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Let’s go local butterfly exploring this summer

By Michelle Monaghan

EARLIER THIS MONTH, sightings of Black-veined white butterflies were spotted in South-East London. Once thought extinct, people marvelled at these butterflies’ unique black vein pattern and shared their sightings across the internet. Yet, you can find plenty of amazing butterflies right here in Hampshire!

According to the Hampshire and Isle of Wight Branch of Butterfly Conservation (HantsIoW BC), 46 of the UK’s 61 butterfly species call the area home. Although they can be seen anywhere, there are three reserves where it is best to find the butterflies in huge numbers. 

Magdalen Hill Down and Yew Hill are located near Winchester and Bentley Station Meadow, next to the Alice Holt Forest, not far from Farnham. Together, the three reserves make 130 acres and are open to anyone all year at no charge. What could be a better activity this summer than going butterfly watching?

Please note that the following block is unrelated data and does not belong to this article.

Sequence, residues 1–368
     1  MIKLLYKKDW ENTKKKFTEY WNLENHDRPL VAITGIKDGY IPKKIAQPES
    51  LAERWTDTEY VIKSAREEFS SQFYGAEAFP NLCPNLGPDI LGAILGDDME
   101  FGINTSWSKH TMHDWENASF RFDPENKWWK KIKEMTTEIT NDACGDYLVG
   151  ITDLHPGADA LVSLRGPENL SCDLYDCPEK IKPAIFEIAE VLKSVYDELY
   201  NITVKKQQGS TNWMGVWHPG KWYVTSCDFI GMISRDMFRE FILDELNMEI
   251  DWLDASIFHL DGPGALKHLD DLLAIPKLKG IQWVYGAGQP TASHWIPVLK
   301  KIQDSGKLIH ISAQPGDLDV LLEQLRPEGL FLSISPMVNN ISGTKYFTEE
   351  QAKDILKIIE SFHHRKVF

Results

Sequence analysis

A few of the butterflies that HantsloW BC recommends looking out for include Glanville FritillarySilver-studded Blue, Chalk Hill BlueDuke of BurgundySmall Skipper and Essex Skipper

In previous years, the Comma and Common Blue have been spotted in Gosport in local parks such as Alver Valley. 

The first butterfly I saw this year was the Clouded Yellow in my garden. What struck me the most about this butterfly was how its wings easily blended with the leaves of many plants in the garden. Depending on the light, its wings looked light green and could easily be mistaken for a leaf blown around by the wind.

The Peacock has made its appearance, too. The variety of colours and patterns on its wings is genuinely remarkable. Unsurprisingly, that it takes its name from the brightly coloured bird. 

These sightings demonstrate how easy it is for numerous butterflies to be seen in the garden at our homes. To attract butterflies to visit your garden this summer, ecologist Larissa Cooper from the Natural History Museum provides these top tips:

  • Provide food
  • Create warmth
  • Think about your area
  • Maximise window boxes
  • Leave fallen fruit on the ground
  • Cut down on weeding
  • Avoid pesticides
  • Create shelter

If you want to see more than the ones in your garden, consider joining a butterfly walk held at various locations throughout Hampshire. Get involved by volunteering at your local Butterfly Conservation branch or get up close and personal by helping to record and monitor butterflies. 

However you decide to do it, now is the time to go butterfly exploring!

For more information regarding local butterflies, visit:

To get involved in butterfly conservation efforts, go to:

PICTURED BY MICHELLE MONAGHAN: Butterfly at the Utrecht Botanic Gardens.